Sunday, June 15, 2008
The ABCs of Writing Fiction Sections M - P
M – MySpace and Other Networking Sites. I’m not computer literate, so my sister made my MySpace page last August. You can probably find a teenager willing to do yours. During this past year, I have met many wonderful people and I was introduced to promotional opportunities I wouldn’t have otherwise found. As a result, I would highly recommend MySpace for promoting your book. You can’t beat the price: zero dollars. I haven’t had time to spend on the other sites, but just from loop chatter, I don’t believe they have as much activity. If you have a contrary opinion, leave a comment about your experience. My only warning is not to take time away from your writing to network. Writing comes first.
When I began my MySpace journey, I realized it wasn’t easy to find “Friends” that might be interested in knowing my book existed. I realized a need and began to fill it. I contacted Romance Readers, Writers, Reviewers, Publishers, Librarians, and Booksellers to collect their live links for other writers and readers. On my personal blog, http://www.suspensebytina.blogspot.com/ there are now 1,000 live links to assist you in collecting your MySpace friends. Simply scroll down the blog to find the links, click on one and it will take you to a MySpace profile page, click on “Friend” or “Add” to ask that person to be your friend. Then go back to the blog for the next link. You need to have a MySpace page to do this.
N – Nora. I can’t tell you how many times I’ve listened to a speaker say, “Don’t head hop your point of view,” and a writer will answer, “Nora Roberts does it all the time.” Nora makes so money for the publisher, she can do whatever she wants. You will also hear many times, “Learn the rules before you break them.” This is good advice. One year, I was judging a major romance contest and it became apparent that breaking the rules can have a negative impact on your book. I saw manuscript pages bogged down with tons of introspection, flashbacks that stood out because they were obviously there to dump back-story, etc. Successful writers learn how to break a rule without the usual negative impact on the story. So, my advice is to stick to the rules until you are a multi-published author with years of experience behind you.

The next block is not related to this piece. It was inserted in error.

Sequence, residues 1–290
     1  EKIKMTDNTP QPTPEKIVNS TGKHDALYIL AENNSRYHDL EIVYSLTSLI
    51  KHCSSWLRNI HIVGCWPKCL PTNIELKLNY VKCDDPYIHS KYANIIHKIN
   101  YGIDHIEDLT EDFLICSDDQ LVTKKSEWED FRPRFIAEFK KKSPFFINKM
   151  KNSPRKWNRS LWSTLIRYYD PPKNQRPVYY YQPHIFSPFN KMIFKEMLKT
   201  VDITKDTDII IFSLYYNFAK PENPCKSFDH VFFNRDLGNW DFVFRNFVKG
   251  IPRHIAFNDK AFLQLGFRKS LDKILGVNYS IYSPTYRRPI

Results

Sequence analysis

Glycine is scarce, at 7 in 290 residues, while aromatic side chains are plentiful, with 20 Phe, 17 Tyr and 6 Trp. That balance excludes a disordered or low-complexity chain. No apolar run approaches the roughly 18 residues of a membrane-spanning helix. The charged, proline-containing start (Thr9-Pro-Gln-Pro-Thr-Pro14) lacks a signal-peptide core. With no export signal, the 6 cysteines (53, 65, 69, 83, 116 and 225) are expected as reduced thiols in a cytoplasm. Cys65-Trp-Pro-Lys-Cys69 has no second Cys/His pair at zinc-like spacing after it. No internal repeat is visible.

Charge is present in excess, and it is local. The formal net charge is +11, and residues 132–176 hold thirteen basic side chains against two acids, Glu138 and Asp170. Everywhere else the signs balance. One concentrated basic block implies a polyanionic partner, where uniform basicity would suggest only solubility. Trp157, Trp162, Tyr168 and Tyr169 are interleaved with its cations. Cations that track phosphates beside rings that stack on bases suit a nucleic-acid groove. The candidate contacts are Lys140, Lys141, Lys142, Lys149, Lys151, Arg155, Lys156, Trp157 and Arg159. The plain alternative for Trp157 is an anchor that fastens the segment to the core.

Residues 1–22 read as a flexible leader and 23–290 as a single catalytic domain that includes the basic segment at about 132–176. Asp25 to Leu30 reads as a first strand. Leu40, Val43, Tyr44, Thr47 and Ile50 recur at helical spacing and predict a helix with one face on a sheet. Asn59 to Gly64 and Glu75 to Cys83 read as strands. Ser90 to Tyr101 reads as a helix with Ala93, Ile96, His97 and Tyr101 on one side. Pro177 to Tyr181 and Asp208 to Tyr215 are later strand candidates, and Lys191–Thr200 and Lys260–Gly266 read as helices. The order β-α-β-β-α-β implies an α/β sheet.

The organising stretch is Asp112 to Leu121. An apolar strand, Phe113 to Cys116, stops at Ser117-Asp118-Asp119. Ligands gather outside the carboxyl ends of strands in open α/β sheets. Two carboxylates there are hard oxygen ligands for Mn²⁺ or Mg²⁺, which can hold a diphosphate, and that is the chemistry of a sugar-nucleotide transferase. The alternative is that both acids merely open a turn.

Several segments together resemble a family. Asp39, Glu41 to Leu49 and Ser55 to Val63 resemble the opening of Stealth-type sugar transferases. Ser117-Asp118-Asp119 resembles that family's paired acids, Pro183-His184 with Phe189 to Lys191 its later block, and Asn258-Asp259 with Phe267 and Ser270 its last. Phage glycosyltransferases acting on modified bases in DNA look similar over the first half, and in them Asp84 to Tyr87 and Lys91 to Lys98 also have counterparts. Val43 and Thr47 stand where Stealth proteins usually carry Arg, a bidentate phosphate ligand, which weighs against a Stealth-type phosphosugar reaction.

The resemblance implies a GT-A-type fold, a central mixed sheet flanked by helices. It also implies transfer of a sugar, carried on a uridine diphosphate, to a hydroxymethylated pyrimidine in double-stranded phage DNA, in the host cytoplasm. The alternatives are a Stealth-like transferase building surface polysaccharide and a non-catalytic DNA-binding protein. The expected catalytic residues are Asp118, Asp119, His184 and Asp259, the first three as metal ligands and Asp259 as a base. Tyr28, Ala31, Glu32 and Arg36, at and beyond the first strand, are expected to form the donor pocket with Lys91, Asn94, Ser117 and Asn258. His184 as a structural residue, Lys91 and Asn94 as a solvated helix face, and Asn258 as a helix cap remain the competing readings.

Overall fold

O – Own Your Domain Name. Even if you don’t plan to create a website yet, you should buy your domain name now. There are bound to be other writers, or Internet surfers, with similar names who could take your favorite http://www.com/ if you don’t grab it first. When I Googled my penn name, I discovered there is a former Playboy model who goes by Tina LaVon. I believe she may already have that domain, so I bought SuspensebyTina instead. There are a lot of Tina’s out there, so I was lucky it was still available. I bought mine through Yahoo. I've heard many writers buy theirs at Go Daddy.
P – Plotter vs. Pantser. Which are you? Does it matter? It only matters that you have found a method that works for you, so when you have deadlines you can work quickly enough to meet them. My first manuscript was a pantsing attempt. I meandered, had fun, got rejected (No surprise there) and put it away. With my second, third, and fourth full manuscripts, I plotted the whole thing with colored Post-It Notes and classroom butcher paper I bought from a teaching store. It covered the whole dining room wall. Lots of Fun. I’m visual so every strand in the story was a different color and at a glance, I could tell where I needed to add romance, the villains POV, or character development. The fourth manuscript was Liquid Hypnosis and it sold to The Wild Rose Press. My current manuscript is Desperate Homeowners. I started out as a pantser, hit a wall after chapter three, and had to plot the rest. I believe you need to plot most of a mystery to make sure you scatter the clues for your readers, but don’t let anyone force you into being a plotter, panster, or a mixture. That’s like telling a painter how to create his masterpiece. You have to do what works for you.
Remember to follow your own instincts.
Successful authors write and submit often. So, why are you still reading? Go write!
Posted by Tina Swayzee McCright at 11:56 PM